Album Title

Artist Icon Armand van Helden - Ghettoblaster
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First Released

Calendar Icon 2007

Genre

Genre Icon House

Mood

Mood Icon Happy

Style

Style Icon Electronic

Theme

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Release Format

Release Format Icon Album

Record Label Release

Speed Icon Southern Fried Records

World Sales Figure

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Album Description
Ghettoblaster is the seventh studio album by Armand Van Helden. The vocals in I Want Your Soul were sampled from "Do You Want It Right Now" by Siedah Garrett. The album was released in a special edition 2-disc set as well as the standard edition. Some of the tracks are throwbacks to freestyle music which was popular in the 1980s.
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Album Review
Almost three years to the day since his acclaimed mix CD, A New York Mix Odyssey, the one-initialled AVH returns with a full-blown studio album. The Bostonian’s now part of an elite group of dance producers, numbering Basement Jaxx and Faithless amongst their aggregate, that have made the transition from singles artist to album act with a fair amount of ease, and singles that chart irrespective of quality. “Touch Your Toes” with rappers Fat Joe and BL is a case in point. The wordologists may be legends within their own community, but in the dance world they sound seriously out of their depth. Yet, despite this weak link, Ghettoblaster rides the storm well.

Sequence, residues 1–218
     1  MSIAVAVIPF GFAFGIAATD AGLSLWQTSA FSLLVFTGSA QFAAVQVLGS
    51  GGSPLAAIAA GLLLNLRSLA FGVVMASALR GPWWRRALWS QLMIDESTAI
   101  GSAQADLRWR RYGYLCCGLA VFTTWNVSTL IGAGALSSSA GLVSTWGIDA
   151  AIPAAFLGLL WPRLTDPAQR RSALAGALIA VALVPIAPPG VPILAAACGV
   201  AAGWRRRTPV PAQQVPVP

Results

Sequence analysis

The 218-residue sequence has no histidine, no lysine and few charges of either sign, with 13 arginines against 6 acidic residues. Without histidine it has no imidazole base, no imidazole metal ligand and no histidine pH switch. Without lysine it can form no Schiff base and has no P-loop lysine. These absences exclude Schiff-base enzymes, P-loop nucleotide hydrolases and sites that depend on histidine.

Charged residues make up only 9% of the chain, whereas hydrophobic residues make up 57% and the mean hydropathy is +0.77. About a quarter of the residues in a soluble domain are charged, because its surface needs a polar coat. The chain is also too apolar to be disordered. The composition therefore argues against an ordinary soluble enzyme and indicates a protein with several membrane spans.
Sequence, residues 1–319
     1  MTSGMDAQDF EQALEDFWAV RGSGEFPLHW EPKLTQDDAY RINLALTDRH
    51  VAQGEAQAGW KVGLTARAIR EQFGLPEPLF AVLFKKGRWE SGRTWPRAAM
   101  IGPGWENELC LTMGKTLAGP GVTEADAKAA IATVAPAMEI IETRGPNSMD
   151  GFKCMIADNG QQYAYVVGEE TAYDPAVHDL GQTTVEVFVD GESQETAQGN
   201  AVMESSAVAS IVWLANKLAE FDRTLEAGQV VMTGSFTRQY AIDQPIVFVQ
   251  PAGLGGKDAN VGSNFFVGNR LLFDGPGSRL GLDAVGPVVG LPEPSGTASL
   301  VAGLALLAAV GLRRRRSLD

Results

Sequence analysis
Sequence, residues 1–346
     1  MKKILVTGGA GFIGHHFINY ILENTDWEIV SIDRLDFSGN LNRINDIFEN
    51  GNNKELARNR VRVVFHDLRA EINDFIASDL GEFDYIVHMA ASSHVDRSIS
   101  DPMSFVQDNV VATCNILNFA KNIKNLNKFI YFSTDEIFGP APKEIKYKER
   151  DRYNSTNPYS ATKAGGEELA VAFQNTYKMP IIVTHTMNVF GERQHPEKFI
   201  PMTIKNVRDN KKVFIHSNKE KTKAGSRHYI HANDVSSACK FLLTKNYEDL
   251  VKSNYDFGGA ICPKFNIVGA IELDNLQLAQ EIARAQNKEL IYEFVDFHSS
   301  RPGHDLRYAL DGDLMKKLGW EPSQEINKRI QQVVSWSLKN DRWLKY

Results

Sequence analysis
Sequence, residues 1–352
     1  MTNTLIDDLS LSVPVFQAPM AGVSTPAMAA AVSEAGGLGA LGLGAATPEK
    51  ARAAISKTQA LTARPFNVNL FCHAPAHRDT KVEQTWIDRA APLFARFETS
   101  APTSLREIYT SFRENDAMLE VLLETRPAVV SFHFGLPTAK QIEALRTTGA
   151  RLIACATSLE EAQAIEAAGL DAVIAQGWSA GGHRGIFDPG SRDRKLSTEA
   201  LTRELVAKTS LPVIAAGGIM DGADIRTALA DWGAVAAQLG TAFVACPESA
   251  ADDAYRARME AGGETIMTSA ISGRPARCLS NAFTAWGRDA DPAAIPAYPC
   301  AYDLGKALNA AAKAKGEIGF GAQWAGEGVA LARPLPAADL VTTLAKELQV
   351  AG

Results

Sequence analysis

Armand wears his influences on his sleeve like a pimp-bold badge of honour. NYC freestyle comes to the fore on “Still In Love”, borrowing hooks from Company B’s “Fascinated”. Meanwhile Todd Terry’s grinding chords from “A Day In The Life Of” make “Still In Love” all the more palatable. “I Want Your Soul” actually sounds more like a remix of Degrees In Motion’s “Do You Want It Right Now” than an ‘allegedly’ new recording.
That’s not to say the album is weaker for this. Far from it. By showing us his roots listeners have aligned themselves to Armand’s music all the more. And, although there maybe no out-and-out dance anthems like “My My My” or “Hear My Name”, “NYC Beat” and the aforementioned “I Want Your Soul” do come close.
The melting pot of styles and influences continues on “Playmate” which sounds like a lost demo from Roxanne Shante in her prime, mixed with the wordology of the Tom Tom Club. “Je T’aime” also borrows heavily from another Todd Terry production - Royal House’s acid-house standard “Can You Party”, although the twee cheese-mungous Lisa Lisa-styled ‘80s pop of “All Nite” is seriously outdated.
Unlike his label mate Norman Cook - the master of bleeding the new with old to creating wonderful aural feasts in the process - AVH’s ideas never seem to extended beyond his school disco mix tapes. Old school, yes, but not old skool!
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